If you both are willing to try mediation and it is suitable for your case, then the first session will be arranged. The Mediator will set a date with you, which is convenient for you both. Each case is different and some issues are resolved quickly and others can take more time. On average, between three and six sessions are usually required. Each session lasts ninety minutes.

The mediator will need to be provided with paperwork that are relevant to the issues to be resolved through mediation. After the assessment meeting, the mediator will identify the documents required for the purpose of mediation and will ask you and your (ex) partner to send them to the mediator a week or so before the mediation session. If the issues to be resolved are about finance, the mediator will use the first mediation session to obtain more information by asking you both to fill in forms to return together with supporting financial documents such as bank statements and a mortgage agreement.

The mediator may decide to telephone the individuals concerned and/or their solicitors before the mediation. In particular, the mediator needs assurance that those attending do have the authority to agree to any future arrangements being proposed at the mediation.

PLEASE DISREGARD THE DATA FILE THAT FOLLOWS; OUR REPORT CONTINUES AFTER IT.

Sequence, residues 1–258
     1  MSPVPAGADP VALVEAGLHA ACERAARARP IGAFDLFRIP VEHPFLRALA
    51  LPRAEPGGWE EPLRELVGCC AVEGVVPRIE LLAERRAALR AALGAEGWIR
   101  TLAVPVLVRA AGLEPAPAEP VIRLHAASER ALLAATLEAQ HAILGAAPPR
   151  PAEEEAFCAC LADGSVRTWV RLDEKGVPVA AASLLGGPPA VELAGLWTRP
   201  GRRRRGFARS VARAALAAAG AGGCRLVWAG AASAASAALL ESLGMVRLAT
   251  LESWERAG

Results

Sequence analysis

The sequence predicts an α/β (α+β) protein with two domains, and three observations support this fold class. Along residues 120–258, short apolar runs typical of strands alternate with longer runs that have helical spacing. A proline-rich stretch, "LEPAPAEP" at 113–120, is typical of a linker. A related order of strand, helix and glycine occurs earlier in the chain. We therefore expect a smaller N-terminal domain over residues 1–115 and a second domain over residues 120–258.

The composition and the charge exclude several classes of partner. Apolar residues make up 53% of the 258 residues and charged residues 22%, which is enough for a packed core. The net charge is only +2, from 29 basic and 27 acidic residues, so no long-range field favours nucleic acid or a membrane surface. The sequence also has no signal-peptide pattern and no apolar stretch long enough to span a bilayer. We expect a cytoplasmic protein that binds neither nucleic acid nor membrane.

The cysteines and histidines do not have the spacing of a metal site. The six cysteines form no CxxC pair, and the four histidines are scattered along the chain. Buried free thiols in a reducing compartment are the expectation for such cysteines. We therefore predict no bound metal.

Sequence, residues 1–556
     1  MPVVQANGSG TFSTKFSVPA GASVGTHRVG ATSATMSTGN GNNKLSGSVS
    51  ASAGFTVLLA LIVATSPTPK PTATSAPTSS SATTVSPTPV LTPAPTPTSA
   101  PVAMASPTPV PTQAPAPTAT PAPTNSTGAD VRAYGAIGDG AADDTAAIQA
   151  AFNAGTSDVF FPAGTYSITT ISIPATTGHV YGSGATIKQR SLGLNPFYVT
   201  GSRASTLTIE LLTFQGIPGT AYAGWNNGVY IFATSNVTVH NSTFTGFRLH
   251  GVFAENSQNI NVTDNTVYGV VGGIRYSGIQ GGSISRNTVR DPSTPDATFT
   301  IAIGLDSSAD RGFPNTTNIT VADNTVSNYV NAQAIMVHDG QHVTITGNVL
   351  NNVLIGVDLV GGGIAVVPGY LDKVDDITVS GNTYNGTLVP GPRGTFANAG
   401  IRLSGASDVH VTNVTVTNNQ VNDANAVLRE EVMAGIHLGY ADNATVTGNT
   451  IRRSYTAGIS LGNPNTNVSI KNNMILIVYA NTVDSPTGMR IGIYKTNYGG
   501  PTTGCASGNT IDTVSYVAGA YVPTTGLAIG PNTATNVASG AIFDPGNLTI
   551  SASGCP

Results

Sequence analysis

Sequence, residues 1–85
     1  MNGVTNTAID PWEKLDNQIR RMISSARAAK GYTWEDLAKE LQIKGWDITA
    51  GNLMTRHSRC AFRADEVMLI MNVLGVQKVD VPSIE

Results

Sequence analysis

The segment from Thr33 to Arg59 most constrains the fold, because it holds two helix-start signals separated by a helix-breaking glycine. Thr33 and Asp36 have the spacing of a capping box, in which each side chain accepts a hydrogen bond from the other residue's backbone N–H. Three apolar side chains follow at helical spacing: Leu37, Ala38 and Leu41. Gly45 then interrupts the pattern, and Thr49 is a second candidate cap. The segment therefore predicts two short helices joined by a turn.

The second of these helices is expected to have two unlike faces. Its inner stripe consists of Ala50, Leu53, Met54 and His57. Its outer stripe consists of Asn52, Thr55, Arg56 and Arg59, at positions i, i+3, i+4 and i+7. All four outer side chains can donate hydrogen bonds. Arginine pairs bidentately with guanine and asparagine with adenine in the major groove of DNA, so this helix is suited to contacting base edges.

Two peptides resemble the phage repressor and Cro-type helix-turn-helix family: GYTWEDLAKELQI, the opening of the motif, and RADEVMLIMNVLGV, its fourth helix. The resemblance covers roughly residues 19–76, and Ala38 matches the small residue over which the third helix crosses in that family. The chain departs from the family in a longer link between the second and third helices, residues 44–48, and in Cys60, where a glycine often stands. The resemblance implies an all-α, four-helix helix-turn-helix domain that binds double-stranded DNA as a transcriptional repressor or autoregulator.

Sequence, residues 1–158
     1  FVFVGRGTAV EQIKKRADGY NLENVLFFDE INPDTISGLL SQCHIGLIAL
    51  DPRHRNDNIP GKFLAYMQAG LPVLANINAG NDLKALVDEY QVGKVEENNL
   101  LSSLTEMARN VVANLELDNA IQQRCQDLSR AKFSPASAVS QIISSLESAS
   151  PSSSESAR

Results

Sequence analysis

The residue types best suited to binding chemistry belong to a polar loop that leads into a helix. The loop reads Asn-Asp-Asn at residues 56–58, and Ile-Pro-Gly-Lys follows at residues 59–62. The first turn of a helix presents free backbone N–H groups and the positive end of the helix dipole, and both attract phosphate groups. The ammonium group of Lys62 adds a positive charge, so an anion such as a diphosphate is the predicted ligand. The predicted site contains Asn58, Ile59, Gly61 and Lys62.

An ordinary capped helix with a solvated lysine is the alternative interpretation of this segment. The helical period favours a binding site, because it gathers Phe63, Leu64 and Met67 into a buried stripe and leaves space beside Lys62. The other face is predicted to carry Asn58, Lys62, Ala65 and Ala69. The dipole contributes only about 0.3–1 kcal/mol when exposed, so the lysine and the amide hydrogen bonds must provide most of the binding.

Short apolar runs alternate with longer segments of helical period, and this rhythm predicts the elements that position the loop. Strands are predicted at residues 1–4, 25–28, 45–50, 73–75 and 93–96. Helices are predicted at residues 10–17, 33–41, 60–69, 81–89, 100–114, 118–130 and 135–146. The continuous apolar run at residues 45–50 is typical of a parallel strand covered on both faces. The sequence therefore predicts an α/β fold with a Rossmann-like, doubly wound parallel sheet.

Mediation Session(s)

Mediation has the best chance of success if participating parties are willing to resolve issues for the benefit of all concerned, especially of children if there are any. The Mediator is there to guide you both impartially and to help you resolve issues between you. The Mediator is impartial and, therefore, cannot give you specific legal advice.

If financial issues need to be resolved, the first session is usually used to identify the issues and plan a way forward. A financial statement will be given to each of you to complete and return, along with documents supporting the information given on the form, for example bank statements, wage slips etc. This form, and the accompanying documents, will be used during the next session. We understand that form filling is not most people’s favourite task, but it does need to be done so that you can establish what your financial position is and plan for the future. It is impossible to have a constructive discussion about finances unless you both have been open and honest about your financial situation.